- The guiding rail of a track saw has rubber strips underneath, which keeps the rail locked in place. Say goodbye to the annoying clamps.
- Making relatively short miter cuts, especially on wider boards, can be tedious with a circular saw, but it will take no more time than just marking the spots when using a track saw.
- There is no blade guard on a track saw, thus no more struggling with the guard. This is more like a double-edged sword—both kind of good and kind of bad at the same time.
- A track saw can do almost all types of cuts that a circular saw can.
- Some track saw models have dust collection mechanisms that help to keep the working environment cleaner and tidier.
Why Would You Use A Circular Saw?
The benefits you will be getting using a circular saw instead of a track saw-
- A circular saw is small and compact, thus a lot more versatile. It can perform all the tasks of a track saw, if not more.
- The lack of the track can be mitigated with attachments, which is pretty cheap, as well as very simple to make at home.
- A circular saw can work with a lot more materials than what a track saw can. Thanks to the customization it offers.
- Almost all circular saws have blade guards, which keep your hands, cable, and other sensitive things away from the blade, as well as keeping the dust in control.
- In terms of brands and models, a circular saw will offer you a lot more options to choose from.
Which Tool To Buy?
With all that said, I hope I made enough sense to help you understand the tools a bit better. With all the pros and cons of the two tools in consideration, you should not have any more confusion about whether to buy the other tool if you already have one.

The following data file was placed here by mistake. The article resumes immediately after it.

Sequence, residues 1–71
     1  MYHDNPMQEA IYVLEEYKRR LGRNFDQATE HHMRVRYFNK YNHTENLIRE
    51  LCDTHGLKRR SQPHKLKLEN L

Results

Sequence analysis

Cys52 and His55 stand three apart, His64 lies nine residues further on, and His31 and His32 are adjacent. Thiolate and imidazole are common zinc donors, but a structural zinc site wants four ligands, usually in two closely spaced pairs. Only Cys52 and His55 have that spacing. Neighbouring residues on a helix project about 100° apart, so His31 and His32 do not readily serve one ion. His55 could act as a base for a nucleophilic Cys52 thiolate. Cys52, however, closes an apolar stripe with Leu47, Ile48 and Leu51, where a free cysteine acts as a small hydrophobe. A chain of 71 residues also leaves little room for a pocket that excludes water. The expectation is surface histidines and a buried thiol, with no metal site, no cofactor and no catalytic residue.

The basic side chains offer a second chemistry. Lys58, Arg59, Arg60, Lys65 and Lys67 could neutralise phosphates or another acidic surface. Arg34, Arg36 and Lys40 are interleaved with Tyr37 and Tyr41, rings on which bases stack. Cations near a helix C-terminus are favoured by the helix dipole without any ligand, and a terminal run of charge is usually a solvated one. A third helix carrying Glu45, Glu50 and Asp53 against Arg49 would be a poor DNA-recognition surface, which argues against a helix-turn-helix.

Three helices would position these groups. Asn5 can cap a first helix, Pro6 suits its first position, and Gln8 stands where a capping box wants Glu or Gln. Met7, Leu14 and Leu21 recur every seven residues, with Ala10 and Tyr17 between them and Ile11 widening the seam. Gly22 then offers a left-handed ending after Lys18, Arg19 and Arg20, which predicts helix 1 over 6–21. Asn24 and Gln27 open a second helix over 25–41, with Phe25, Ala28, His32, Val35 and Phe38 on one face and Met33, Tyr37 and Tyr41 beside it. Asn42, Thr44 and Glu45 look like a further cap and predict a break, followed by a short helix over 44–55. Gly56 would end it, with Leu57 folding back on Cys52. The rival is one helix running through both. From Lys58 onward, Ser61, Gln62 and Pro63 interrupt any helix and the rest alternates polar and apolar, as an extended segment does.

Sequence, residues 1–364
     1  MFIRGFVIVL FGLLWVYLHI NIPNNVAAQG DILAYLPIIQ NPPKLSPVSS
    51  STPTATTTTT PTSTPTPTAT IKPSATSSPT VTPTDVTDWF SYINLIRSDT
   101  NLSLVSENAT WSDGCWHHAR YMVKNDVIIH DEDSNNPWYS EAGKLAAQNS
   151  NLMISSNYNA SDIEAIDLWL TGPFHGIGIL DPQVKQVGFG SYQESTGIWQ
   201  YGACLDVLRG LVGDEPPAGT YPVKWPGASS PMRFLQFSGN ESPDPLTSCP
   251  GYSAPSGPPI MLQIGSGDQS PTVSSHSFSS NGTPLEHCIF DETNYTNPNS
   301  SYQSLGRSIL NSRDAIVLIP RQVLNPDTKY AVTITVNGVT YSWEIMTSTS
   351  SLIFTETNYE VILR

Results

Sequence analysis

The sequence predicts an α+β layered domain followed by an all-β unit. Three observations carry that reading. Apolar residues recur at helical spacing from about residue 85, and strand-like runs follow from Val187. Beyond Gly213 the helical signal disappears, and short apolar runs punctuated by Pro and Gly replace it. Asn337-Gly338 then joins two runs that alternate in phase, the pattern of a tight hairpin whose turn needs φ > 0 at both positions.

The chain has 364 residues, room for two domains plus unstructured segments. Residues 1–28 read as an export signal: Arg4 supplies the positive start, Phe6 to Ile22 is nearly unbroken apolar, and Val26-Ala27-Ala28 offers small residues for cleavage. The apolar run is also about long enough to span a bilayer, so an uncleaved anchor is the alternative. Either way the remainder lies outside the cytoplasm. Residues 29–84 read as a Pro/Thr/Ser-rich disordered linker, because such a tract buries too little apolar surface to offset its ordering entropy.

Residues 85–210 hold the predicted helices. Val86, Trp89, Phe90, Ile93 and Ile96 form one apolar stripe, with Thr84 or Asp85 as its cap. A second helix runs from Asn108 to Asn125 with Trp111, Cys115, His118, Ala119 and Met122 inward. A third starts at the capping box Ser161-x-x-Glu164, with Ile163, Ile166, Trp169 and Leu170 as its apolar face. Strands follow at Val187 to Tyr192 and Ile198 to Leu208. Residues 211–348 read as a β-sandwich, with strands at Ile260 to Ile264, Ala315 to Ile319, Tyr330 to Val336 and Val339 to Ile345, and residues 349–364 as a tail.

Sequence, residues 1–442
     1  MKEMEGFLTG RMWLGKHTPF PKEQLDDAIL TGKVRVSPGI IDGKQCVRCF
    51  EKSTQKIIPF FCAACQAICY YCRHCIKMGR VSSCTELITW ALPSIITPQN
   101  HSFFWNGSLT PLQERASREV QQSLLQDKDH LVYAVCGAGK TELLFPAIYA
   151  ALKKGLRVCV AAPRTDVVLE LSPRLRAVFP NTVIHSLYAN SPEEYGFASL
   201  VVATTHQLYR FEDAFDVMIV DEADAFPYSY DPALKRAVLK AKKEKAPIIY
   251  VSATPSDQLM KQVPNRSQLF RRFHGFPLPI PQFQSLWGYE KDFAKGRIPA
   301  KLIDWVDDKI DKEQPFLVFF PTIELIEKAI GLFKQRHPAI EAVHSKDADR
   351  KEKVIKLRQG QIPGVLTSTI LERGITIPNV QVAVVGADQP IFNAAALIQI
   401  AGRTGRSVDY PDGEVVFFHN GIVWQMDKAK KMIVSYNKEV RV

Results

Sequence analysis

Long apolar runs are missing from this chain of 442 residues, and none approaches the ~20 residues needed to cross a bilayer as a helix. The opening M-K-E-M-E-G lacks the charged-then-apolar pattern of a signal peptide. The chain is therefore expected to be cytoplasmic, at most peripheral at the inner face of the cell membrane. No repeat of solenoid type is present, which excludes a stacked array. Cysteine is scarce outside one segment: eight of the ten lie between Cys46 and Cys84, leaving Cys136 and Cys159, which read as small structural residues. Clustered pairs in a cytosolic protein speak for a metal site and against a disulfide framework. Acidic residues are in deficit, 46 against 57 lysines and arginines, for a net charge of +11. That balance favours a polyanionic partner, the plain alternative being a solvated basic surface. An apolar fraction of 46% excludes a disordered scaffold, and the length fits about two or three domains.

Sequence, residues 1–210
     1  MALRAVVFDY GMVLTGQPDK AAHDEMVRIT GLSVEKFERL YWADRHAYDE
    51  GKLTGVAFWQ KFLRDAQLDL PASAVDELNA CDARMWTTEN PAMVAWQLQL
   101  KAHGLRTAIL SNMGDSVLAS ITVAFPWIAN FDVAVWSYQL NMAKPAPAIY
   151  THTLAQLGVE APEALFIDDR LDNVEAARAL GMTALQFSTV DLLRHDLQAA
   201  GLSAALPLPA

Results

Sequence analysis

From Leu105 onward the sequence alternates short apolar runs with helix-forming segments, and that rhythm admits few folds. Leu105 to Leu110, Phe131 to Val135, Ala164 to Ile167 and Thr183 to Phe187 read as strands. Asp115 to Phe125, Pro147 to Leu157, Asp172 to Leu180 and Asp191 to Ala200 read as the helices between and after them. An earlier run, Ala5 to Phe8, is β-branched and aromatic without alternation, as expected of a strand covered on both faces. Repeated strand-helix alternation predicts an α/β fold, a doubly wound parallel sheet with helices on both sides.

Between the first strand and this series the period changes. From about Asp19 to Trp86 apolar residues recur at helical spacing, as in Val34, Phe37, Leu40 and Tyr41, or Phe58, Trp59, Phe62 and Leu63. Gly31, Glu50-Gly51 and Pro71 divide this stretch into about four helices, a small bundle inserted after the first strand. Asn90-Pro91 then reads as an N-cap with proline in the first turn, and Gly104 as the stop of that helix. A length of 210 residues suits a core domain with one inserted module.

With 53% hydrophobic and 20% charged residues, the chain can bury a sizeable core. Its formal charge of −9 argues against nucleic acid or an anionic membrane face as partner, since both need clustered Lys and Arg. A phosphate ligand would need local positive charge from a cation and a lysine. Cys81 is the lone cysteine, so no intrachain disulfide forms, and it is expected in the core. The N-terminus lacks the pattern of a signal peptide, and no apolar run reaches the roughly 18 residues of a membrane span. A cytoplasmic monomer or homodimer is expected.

In my opinion, despite the track saw, being useful as it is, you should consider buying a circular saw. The reason being you can never go wrong with an extra circular saw. It is simply that good of a tool to have.
Now, in the question of whether you must buy one or not, I would say it is not a must. You can fulfill almost all the needs of a circular saw with a track saw.
Buying a track saw while having a circular saw, on the other hand, is a bit more situational. A track saw is more like a specialty tool. It is not as versatile or customizable, thus consider buying a track saw, only if you need to make a relatively high number of long cuts or you are really into woodworking.
In case you do not own either and thinking about buying your first tool for your garage, My recommendation is to start with a circular saw. This saw will assist you tremendously in learning the tools, as well as the nature of the work.
All in all, both of the two are pretty simple to master and two neat pieces of equipment. A track saw will make the starting of your carrier a lot easier if your work section coincides with the advantages it provides.
A circular saw will help you build up your skill in a general sense. Over time, you can shift to other specialty tools (including a track saw) much more easily.
I'm Joost Nusselder, the founder of Tools Doctor, content marketer, and dad. I love trying out new equipment, and together with my team I've been creating in-depth blog articles since 2016 to help loyal readers with tools & crafting tips.